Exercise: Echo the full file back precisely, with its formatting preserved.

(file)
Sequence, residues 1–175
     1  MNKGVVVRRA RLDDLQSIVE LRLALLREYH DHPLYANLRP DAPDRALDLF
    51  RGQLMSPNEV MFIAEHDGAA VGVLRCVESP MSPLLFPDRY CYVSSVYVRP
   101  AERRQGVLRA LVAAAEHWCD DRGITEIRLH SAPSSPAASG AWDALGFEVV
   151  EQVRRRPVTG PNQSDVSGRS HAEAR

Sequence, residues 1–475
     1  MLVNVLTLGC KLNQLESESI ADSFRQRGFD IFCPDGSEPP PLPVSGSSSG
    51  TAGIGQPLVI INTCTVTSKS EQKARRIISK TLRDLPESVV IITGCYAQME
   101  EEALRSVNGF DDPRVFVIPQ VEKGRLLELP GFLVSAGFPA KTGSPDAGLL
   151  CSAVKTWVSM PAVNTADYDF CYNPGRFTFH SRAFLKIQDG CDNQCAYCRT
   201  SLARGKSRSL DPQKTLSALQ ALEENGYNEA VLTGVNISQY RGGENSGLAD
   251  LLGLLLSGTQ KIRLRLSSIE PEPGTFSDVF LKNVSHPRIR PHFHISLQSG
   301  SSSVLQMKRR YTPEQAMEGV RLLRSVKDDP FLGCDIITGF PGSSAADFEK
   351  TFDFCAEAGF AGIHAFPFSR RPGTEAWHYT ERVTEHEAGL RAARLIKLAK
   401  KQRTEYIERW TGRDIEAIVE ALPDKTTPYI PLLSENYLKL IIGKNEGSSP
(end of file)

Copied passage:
Sequence, residues 1–175
     1  MNKGVVVRRA RLDDLQSIVE LRLALLREYH DHPLYANLRP DAPDRALDLF
    51  RGQLMSPNEV MFIAEHDGAA VGVLRCVESP MSPLLFPDRY CYVSSVYVRP
   101  AERRQGVLRA LVAAAEHWCD DRGITEIRLH SAPSSPAASG AWDALGFEVV
   151  EQVRRRPVTG PNQSDVSGRS HAEAR

Sequence, residues 1–475
     1  MLVNVLTLGC KLNQLESESI ADSFRQRGFD IFCPDGSEPP PLPVSGSSSG
    51  TAGIGQPLVI INTCTVTSKS EQKARRIISK TLRDLPESVV IITGCYAQME
   101  EEALRSVNGF DDPRVFVIPQ VEKGRLLELP GFLVSAGFPA KTGSPDAGLL
   151  CSAVKTWVSM PAVNTADYDF CYNPGRFTFH SRAFLKIQDG CDNQCAYCRT
   201  SLARGKSRSL DPQKTLSALQ ALEENGYNEA VLTGVNISQY RGGENSGLAD
   251  LLGLLLSGTQ KIRLRLSSIE PEPGTFSDVF LKNVSHPRIR PHFHISLQSG
   301  SSSVLQMKRR YTPEQAMEGV RLLRSVKDDP FLGCDIITGF PGSSAADFEK
   351  TFDFCAEAGF AGIHAFPFSR RPGTEAWHYT ERVTEHEAGL RAARLIKLAK
   401  KQRTEYIERW TGRDIEAIVE ALPDKTTPYI PLLSENYLKL IIGKNEGSSP